4 Times You Should Drop a Product or Service

when its time to say goodbye

Simon and Garfunkle’s song “Kodachrome” gets played on the radio every day, but the iconic film itself is now a just a footnote in history. The last 35mm cartridge of the film rolled off the Kodak assembly line in 2009.

As you can probably imagine, dropping the production of Kodachrome in the age of digital cameras was a fairly easy – and obvious – decision to make at Kodak.

Kodachrome_64Yet, the Kodachrome story captures a Kodak moment that teaches a good lesson for all small business owners: Move quickly when markets change and products cease to contribute to the bottom line. I say this because within three years of Kodachrome’s demise, Kodak itself declared bankruptcy.

With that lesson as a backdrop, let’s examine four cases when you should drop a product or service from your offerings.

1. When the product is losing money. Although this seems obvious, the situation needs to be carefully considered. The entire cost of a product includes the cost of goods sold (the raw materials or inventory), the variable direct costs incurred producing and selling it (for example the salaries of account executives or product managers) and the indirect costs, such as the product’s portion of rent, utilities, insurance, and other costs of doing business.

If you add all of these up and they amount to more than you’re making via selling the product or service, you’re losing money, on paper at least. However, two things need to be considered:

  • Are you correctly assigning variable direct costs and indirect costs?
  • Will indirect costs actually decrease if you drop the product?

I’ve seen business owners fool themselves about the profitability of business ventures or products because they haven’t properly assigned costs. They may have a “pet” area of their business that they want to believe is more profitable than it is, so they dump costs on a part of the business that they aren’t so fond of.

This error always comes home to roost!

Secondly, if indirect costs will not go down, then those costs will end up being assigned to the surviving products or services, lowering their profitability or pushing them into loss territory. This could cause a “death spiral” for your company.

2. When opportunity costs are significant. This point is related to many of the other points listed here. For example, in the cost scenario outlined above, you could avoid the “death spiral” if you had a new product or service that would take on the indirect costs and show a real profit.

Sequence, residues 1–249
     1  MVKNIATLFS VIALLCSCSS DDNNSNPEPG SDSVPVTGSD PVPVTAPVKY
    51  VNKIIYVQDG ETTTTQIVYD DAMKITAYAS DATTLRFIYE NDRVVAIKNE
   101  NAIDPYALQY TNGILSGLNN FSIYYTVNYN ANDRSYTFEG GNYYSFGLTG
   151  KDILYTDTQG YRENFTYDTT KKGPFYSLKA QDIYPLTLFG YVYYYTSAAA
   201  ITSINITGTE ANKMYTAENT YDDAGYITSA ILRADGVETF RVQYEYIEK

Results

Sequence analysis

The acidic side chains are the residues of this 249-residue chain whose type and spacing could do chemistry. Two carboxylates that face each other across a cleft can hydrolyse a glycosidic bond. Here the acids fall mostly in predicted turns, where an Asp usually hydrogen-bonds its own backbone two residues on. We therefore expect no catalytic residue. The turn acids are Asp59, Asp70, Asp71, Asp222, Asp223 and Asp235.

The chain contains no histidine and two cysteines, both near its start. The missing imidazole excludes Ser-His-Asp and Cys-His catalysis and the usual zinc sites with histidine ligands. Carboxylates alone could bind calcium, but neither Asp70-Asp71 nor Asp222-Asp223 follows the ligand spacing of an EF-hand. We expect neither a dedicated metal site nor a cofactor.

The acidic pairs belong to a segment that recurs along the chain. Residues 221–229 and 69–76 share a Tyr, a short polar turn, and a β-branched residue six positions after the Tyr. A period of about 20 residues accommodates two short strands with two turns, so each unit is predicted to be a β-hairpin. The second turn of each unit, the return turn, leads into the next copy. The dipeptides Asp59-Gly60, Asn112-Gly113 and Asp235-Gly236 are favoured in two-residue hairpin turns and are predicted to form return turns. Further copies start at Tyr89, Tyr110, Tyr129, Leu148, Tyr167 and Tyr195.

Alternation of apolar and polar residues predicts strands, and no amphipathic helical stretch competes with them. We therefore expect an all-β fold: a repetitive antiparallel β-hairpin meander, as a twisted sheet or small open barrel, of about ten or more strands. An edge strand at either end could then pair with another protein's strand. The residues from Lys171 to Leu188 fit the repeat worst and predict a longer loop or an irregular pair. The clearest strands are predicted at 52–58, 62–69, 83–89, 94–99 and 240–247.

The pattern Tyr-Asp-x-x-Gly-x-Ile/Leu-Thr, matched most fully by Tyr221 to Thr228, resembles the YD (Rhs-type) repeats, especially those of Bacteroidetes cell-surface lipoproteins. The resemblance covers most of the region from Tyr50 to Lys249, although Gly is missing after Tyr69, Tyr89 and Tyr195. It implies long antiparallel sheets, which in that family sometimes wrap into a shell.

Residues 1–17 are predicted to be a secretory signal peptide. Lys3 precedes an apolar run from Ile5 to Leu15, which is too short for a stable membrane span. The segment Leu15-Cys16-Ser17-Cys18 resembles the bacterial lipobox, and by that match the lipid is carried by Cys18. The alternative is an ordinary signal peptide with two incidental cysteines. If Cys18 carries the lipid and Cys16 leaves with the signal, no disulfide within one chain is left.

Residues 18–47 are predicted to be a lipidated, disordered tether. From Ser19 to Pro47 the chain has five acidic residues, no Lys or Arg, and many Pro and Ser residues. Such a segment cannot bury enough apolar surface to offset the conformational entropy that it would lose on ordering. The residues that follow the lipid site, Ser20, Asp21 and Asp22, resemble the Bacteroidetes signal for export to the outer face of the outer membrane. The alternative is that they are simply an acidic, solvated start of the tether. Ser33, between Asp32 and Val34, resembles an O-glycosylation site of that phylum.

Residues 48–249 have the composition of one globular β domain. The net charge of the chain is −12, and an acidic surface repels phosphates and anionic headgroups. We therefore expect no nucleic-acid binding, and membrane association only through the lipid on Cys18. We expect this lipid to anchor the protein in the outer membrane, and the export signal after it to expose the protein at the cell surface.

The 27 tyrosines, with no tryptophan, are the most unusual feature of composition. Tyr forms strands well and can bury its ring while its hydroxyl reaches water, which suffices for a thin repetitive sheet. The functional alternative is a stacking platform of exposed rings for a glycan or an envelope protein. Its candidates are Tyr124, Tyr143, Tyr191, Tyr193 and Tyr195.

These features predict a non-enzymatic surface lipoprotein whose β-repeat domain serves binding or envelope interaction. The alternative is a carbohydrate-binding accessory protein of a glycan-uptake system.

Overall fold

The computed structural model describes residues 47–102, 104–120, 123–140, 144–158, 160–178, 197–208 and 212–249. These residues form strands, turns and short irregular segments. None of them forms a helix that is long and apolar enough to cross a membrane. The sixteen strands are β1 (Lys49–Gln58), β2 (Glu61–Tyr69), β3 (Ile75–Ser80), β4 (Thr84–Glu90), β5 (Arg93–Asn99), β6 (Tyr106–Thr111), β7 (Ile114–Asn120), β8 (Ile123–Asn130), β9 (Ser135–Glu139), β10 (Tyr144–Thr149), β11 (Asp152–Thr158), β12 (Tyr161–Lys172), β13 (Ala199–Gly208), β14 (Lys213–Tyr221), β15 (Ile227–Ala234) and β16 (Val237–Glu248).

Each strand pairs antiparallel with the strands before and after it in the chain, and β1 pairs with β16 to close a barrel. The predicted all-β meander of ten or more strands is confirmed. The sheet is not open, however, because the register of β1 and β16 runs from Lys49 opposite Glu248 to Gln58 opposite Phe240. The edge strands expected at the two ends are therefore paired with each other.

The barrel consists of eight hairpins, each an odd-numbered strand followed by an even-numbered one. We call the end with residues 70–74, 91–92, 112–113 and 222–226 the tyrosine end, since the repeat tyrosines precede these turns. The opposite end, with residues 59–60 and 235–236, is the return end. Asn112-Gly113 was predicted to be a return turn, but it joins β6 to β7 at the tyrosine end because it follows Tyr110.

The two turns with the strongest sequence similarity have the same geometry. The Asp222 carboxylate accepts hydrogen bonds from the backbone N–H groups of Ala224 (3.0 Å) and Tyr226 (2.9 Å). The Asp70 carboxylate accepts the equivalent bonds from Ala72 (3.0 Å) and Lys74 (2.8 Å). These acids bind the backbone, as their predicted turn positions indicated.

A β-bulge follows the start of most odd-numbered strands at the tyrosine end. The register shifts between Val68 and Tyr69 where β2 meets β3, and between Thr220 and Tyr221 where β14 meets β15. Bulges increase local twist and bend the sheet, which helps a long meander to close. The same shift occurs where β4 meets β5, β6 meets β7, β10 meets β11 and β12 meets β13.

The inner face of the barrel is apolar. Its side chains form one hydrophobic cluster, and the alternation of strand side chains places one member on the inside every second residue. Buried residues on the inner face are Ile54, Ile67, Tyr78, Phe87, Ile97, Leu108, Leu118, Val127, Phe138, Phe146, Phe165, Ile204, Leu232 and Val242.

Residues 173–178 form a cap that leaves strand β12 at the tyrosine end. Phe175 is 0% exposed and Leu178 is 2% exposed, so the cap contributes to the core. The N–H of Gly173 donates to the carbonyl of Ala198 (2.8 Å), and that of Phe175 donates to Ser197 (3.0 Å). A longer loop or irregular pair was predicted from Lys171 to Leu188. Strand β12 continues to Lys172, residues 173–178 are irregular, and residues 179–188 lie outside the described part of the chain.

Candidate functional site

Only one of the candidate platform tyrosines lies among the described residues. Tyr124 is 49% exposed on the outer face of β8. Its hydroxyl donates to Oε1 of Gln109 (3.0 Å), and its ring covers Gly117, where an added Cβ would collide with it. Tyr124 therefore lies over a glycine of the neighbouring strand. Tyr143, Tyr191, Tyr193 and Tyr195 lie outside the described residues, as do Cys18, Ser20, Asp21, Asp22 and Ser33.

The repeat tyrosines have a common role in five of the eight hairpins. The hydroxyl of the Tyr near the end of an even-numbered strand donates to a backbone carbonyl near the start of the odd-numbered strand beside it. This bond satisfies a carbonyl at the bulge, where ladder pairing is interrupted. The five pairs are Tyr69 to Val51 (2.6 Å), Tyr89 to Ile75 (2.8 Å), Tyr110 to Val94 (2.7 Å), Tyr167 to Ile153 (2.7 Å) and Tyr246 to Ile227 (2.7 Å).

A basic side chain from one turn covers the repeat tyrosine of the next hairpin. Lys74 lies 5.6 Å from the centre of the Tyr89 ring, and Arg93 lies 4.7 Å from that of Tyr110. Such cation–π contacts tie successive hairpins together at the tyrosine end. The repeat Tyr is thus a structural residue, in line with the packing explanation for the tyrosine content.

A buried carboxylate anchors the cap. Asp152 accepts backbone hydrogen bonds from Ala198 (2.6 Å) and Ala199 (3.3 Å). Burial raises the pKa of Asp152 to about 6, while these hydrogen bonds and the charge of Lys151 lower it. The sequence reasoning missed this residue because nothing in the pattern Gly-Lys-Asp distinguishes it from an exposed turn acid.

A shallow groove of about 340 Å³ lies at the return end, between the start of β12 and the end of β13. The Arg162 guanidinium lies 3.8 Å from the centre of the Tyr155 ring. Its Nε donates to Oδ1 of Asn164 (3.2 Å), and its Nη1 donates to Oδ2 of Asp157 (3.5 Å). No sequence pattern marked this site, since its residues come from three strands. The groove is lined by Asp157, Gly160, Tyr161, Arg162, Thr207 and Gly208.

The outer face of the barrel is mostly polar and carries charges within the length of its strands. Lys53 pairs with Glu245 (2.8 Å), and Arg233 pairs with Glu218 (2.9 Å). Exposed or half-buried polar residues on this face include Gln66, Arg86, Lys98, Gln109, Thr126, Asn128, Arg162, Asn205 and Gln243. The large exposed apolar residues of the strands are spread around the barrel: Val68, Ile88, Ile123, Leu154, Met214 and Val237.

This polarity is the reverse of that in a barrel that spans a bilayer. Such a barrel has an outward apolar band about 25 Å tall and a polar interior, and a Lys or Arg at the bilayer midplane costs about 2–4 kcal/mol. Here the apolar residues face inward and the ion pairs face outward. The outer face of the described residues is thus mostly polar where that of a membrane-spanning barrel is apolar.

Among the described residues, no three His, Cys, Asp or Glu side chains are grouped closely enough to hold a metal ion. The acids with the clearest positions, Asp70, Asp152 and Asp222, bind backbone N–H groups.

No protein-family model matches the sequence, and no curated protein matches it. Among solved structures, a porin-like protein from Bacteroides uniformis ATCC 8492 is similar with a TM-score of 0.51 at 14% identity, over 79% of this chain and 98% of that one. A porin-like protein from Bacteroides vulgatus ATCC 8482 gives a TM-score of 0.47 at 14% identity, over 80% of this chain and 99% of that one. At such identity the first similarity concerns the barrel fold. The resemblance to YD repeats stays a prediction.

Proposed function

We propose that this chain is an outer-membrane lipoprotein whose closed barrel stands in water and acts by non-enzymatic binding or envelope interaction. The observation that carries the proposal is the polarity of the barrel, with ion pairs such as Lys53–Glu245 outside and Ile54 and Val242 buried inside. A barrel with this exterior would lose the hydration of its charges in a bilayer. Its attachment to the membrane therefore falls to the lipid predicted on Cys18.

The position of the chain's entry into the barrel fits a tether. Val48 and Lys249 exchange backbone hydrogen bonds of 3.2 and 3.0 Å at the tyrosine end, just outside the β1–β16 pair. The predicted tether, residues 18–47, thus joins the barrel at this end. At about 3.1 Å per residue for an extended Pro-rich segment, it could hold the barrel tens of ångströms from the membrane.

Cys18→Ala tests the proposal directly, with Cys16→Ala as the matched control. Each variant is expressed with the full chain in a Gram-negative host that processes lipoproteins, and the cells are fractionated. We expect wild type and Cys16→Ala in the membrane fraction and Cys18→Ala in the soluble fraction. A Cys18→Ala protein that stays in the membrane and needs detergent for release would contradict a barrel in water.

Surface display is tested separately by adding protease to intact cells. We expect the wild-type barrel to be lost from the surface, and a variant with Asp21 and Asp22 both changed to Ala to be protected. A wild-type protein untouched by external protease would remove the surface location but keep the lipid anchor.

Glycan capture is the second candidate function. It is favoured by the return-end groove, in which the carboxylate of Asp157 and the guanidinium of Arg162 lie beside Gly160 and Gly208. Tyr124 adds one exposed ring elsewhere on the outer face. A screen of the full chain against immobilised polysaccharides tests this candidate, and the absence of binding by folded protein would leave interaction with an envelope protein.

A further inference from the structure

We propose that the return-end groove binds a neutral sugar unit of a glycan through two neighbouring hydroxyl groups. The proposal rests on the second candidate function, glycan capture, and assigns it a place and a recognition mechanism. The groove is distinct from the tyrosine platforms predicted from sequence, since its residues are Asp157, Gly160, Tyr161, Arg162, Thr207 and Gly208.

In other words, if a product isn’t performing well, on some level it’s keeping you from pursuing other opportunities. Lost opportunities are a real cost, as the demise of Kodak proved. Frankly, in the very first days of digital cameras, Kodak made a good product. However, other makers were soon leaving Kodak in their dust. Had Kodak been able to focus on and develop its digital cameras more quickly, perhaps it would be an industry leader today.

Did continuing to allocate resources to film products weaken Kodak’s position? I think the answer has to be yes.

As a small business owner, you must always be weighing the potential of new products and services against your legacy products and services.

3. When a segment of your business becomes a distraction. I’ve seen small business owners add offerings that are at best only faintly related to their core business. (How about a coffee shop offering a fax service?) They do this sometimes in the hope that the new venture will develop into something, however, it rarely does.

Nonetheless, in these cases, the small business owner is left with this vestigial appendage to the company. It may be generating a little income, so it’s hard to cut it loose. The approach to take here is to either drop it remembering our opportunity loss criteria, or try to sell it to someone for whom it’s a better business match.

4. When you can move customers into another product. Sometimes we give customers too many options. I think, for example, that Baskin Robbins would sell just as much ice cream with 30 flavors as they do with 32 flavors. In fact, you see this strategy often in the restaurant business.

When Gordon Ramsay throws himself into saving a floundering restaurant on his “Kitchen Nightmares” television series, he almost always makes the restaurant owner simplify the menu. It stretches kitchen help too far when the menu is so big and it creates all kinds of supply problems.

If you’re offering 16 versions of your widget, I bet you wouldn’t lose any business if you pared that down to 10 versions.

Smart small business owners are always looking toward the future and assessing which products have peaked in popularity. Like the management in great professional sports teams, they are scouting the field for tomorrow’s stars.

Sometimes it’s difficult to say goodbye to an old standby, but it can be the best decision you ever make.

Image: Kodachrome 64, by Mailbox (Own work) [GFDL (http://www.gnu.org/copyleft/fdl.html) or CC BY-SA 3.0 (http://creativecommons.org/licenses/by-sa/3.0)], via Wikimedia Commons.